Washington: City treasurer moves boldly for the future

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City treasurer Kurt Summers (center), shown here with Mayor Rahm Emanuel (left) and Rev. B. Herbert Martin at the city’s annual Martin Luther King Jr. Breakfast in January, wants to use investment funds to spur growth in underserved neighborhoods. File photo by Brian Jackson for the Sun-Times.

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Kurt Summers is only 37, but he is impatient. “I have been looking at this my entire life. For the better part of 40 years.”

“This” is the economic devastation of Chicago’s South and West sides.


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Two years ago, during his first run for office, the city treasurer showed me around the Bronzeville neighborhood where he grew up.

“Much of it looks the same as it did 30 years ago,” he reminded me when we talked the other day. “Empty lots, people in despair, and that challenge has now existed over generations.”

“I’m frustrated with almost 40 years of a lack of change. And almost 40 years of communicating to me and people like me in communities in this city that we are that not worthy of investment and nothing is going to change that.”

The Harvard University MBA was a honcho at a top capital management firm. He has forged tight connections with Chicago’s power brokers. In October 2014, Mayor Rahm Emanuel appointed him treasurer; he was elected a few months later.

Emanuel has issued a “blueprint” calling for new vigor in the city’s battle against pervasive violence. It was a “courageous step,” Summers said.

Emanuel has tackled “a multi-generational issue of how we address policing in this city and the need to have people from the communities, that are invested in the communities. …”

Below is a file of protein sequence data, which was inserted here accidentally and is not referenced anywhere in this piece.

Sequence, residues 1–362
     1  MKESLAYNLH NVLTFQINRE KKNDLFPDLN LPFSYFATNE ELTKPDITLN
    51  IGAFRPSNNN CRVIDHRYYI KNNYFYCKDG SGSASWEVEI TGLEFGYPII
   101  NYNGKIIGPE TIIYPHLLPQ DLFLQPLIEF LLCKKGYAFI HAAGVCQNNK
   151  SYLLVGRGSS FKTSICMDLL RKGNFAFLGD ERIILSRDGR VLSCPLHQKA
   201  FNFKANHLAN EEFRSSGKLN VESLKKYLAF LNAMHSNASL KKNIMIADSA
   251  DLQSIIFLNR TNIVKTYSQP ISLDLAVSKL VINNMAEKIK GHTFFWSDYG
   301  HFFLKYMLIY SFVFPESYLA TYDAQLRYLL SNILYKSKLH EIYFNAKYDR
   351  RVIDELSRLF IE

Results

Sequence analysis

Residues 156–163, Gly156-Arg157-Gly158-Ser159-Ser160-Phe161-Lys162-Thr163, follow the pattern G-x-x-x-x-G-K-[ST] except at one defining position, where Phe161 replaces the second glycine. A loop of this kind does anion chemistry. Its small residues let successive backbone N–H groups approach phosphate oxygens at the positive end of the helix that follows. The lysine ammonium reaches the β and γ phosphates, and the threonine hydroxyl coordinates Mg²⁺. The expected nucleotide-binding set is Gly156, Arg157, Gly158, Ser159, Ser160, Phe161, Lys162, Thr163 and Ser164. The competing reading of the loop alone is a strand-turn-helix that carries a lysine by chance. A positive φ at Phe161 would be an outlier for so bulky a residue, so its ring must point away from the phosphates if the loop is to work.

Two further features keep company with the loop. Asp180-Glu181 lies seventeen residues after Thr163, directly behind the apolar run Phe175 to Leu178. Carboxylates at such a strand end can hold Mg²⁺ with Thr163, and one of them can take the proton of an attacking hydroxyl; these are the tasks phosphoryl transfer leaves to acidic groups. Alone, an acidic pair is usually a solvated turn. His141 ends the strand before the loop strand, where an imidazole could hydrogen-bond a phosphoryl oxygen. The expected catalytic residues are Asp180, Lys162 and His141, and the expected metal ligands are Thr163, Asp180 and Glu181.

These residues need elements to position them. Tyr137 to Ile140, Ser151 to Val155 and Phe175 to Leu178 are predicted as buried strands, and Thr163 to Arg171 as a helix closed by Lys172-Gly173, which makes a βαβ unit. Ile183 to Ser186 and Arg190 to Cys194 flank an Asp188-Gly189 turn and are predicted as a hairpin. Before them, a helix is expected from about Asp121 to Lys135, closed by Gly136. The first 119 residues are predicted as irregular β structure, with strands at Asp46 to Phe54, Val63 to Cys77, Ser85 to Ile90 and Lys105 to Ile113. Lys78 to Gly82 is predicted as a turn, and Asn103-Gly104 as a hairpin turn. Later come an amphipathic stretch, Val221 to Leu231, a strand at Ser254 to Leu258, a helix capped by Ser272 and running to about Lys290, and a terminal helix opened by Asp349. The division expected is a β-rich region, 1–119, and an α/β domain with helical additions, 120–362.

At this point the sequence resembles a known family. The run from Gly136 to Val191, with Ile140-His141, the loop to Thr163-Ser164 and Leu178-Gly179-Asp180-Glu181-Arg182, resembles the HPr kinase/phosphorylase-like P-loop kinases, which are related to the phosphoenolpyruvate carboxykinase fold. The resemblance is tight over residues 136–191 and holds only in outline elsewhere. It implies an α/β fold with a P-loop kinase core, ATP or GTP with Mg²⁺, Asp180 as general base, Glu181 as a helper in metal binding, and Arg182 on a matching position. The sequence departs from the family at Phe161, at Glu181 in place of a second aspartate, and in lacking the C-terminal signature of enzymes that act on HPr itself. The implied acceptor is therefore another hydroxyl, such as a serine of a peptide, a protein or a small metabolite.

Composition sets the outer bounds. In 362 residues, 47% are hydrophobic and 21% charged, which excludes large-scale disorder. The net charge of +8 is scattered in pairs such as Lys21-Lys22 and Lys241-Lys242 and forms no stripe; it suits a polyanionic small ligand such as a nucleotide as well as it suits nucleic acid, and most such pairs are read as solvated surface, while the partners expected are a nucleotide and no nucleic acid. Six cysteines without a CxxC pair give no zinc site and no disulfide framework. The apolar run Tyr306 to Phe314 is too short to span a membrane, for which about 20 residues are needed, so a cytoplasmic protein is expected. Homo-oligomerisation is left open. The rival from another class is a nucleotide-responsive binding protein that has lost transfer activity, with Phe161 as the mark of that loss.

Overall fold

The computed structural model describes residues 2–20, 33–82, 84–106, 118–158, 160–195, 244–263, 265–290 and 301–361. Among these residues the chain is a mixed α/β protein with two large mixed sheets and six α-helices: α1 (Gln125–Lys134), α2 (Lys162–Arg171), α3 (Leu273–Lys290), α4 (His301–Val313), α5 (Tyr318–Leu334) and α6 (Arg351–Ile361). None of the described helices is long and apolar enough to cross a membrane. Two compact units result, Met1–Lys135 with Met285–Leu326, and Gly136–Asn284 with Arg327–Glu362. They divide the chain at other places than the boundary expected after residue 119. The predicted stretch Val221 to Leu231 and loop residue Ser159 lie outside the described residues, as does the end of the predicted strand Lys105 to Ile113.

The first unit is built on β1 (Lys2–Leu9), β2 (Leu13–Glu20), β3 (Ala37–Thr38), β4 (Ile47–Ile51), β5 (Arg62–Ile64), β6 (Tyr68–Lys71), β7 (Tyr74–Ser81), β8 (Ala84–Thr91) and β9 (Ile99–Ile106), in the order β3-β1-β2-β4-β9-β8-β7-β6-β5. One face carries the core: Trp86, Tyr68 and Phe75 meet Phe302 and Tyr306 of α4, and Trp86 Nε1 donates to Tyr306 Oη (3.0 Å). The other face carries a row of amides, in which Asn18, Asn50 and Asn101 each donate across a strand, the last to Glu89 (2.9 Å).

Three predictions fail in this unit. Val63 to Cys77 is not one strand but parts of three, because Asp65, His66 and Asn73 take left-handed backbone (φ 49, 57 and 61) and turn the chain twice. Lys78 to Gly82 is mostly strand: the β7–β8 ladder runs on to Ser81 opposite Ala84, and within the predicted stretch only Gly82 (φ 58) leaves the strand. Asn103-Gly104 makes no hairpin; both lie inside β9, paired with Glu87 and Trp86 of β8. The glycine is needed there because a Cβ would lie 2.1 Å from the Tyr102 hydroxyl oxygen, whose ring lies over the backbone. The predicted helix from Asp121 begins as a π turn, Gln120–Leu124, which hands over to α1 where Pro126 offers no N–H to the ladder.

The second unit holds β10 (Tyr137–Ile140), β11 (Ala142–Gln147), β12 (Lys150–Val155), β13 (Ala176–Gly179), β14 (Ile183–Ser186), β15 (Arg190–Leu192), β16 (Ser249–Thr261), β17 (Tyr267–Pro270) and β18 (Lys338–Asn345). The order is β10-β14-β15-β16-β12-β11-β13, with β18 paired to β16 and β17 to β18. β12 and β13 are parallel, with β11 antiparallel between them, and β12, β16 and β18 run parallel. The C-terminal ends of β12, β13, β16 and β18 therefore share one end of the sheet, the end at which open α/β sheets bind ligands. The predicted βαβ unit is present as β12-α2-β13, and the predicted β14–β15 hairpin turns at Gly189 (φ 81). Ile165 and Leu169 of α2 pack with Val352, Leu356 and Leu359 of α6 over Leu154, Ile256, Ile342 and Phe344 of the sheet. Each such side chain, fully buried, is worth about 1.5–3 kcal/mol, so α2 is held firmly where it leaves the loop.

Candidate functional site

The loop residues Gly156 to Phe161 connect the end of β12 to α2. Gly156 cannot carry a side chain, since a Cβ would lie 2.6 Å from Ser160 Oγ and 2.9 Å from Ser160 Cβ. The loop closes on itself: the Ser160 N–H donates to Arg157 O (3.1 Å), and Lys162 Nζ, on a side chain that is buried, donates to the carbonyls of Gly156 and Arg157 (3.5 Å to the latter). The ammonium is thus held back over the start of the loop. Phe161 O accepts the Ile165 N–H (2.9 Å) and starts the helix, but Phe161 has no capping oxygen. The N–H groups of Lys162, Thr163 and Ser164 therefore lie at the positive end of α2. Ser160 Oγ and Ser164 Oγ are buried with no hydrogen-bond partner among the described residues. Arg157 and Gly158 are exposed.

Summers adds: “There is no amount of police officers, detectives or training that happen that will change the economic conditions of black, brown and poor people in communities in this city.”

It goes to the “root cause.” The economic devastation that plagues Chicago neighborhoods, fertilized by hundreds of years ofslavery, oppression, systemic racism and criminal injustice.

Summers manages the city’s $6 billion-plus investment portfolio. He is pitching a city ordinance that would allow him to move some of that cash into investment funds to support infrastructure improvements, stimulate job creation and development; and catalyze commercial, residential and industrial growth in underserved neighborhoods.

I am a tad older than Summers (heh-heh). I grew up all over the South Side, in Oakland, Washington Park, Park Manor, South Shore. I saw plenty of yawning, empty lots, corroded storefronts and jobless youth. They’re still there.

There was the Great Society, Empowerment Zones, Enterprise Zones, housing transformation funds, recovery and reinvestment funds. Hundreds of millions of government dollars poured into Chicago over decades. Little changed.

Chicago must invest in itself, Summers argues. “We have a mandate to invest everywhere in the world but our own backyard. We have a mandate to invest in South America, the Middle East, Western Europe, East Asia, everywhere but the third largest market in the largest economy in the world.”

We can’t wait for still another big government Band-Aid. Big corporations aren’t rushing to the inner city anytime soon.

Emanuel has lured nibbles of opportunity. Last week a Whole Foods opened in Englewood. A Mariano’s grocery is coming to Bronzeville.

Summers put $50,000 from his economic development fund into Invest Chicago, spearheaded by Goodcity.Over the next three years, the business incubator will plow$25 million in seed grants and investments to encourage innovation among female and minority social entrepreneurs and nonprofits.

Summers wants more. Emanuel is generally supportive, he said, and Summers is negotiating the details of his ordinance with the mayor’s office, and hopes to move it through the Chicago City Council over the next several weeks.

Impatience and ambition are a potent brew.


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